None of this accounts for the vilification Sarsour has received. That is primarily about her support of the BDS (Boycott, Divestment and Sanctions) movement that targets Israel; her alleged insensitivity to Jewish planners of the Women’s March and her apparent admiration for Louis Farrakhan. On these issues, in her memoir, Sarsour ranges from defensive to silent.
The BDS movement is a neuralgic issue for Israelis and Israel’s supporters, as it seeks to delegitimize the Jewish state in ways that no one seeks to delegitimize, say, China for throwing a million Muslim Uighurs into concentration camps. Sarsour’s family came from the West Bank, and she has cousins in Israeli jails. While I recognize Israeli alarm over BDS and would personally oppose it, it strikes me (time-traveling again) as the sort of old-country politics that immigrants have been packing in their baggage for ages along with the old country’s outfits, recipes, religions and folklore. Some of our Jewish forebears packed a stack of Bolshevism that made more sense in the prison that was Tsarist Russia than on Orchard Street. Palestinians can rightly argue that they have been delegitimized for all means of nationalist expression and, while the Israeli definition of terrorism can be expansive, the BDS campaign strikes me as a mode of protest preferable to bombing Israeli buses, markets and wedding halls and one that Jews should be able to rebut, or else make some meaningful concessions on the West Bank.
On the other hand, it is odd to read the memoir of an Arab American activist (Sarsour was Director of the Arab American Association of New York) that describes the time period of the mother of all nakhbas, the death and displacement of millions of Syrians, many for demanding less of their government than aggrieved Arabs in Brooklyn have demanded of the NYPD, with barely a nod to that colossal intramural Arab injustice. Equally absent is any pre- 9/11 history of attacks by various Islamist terrorist groups on the World Trade Center, on two U.S. embassies in East Africa and on the USS Cole that empowered Islamophobes here and primed an audience for their arguments.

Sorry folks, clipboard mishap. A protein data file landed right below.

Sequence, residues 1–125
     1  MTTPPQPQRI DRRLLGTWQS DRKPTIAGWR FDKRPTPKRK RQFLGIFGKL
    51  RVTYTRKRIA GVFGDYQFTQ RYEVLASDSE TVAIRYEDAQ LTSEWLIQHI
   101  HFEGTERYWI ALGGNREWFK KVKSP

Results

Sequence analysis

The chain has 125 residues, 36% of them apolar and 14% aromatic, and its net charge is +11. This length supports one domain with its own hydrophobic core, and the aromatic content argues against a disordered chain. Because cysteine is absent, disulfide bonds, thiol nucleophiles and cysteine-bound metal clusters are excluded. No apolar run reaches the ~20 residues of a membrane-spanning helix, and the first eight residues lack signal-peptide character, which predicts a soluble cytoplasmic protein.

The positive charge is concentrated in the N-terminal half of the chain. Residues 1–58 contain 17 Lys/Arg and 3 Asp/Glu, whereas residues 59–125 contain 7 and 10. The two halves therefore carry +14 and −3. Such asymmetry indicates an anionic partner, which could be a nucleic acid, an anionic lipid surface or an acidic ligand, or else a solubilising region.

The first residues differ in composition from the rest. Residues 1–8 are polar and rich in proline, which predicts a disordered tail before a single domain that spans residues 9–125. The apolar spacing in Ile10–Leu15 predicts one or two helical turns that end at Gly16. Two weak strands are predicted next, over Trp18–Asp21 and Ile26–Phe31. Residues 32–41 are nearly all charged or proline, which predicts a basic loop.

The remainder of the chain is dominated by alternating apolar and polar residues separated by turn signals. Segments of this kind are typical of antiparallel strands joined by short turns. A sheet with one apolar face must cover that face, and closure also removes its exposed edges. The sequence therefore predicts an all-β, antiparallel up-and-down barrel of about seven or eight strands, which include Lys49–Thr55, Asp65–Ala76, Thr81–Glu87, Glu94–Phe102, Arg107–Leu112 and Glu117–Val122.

As for the Women’s March controversy, Sarsour details her version of a breakup of the leadership team that her fellow organizer of the 2017 Women’s March, Vanessa Wruble (who is Jewish) attributed to her concerns about anti-Semitism. Sarsour’s defense against that charge seems to be twofold: First, she says that middle-class women have difficulty deferring to black women who, suffering the worst from American racism, must be granted the lead; and second, that many of her best political friends are Jewish. A couple of times, she cites Senator Bernie Sanders’s approval of her work. Interestingly, she supported Sanders in 2016 rather than follow the lead of black women who (outside of political activists of Sarsour’s own generation) preferred Hillary Clinton.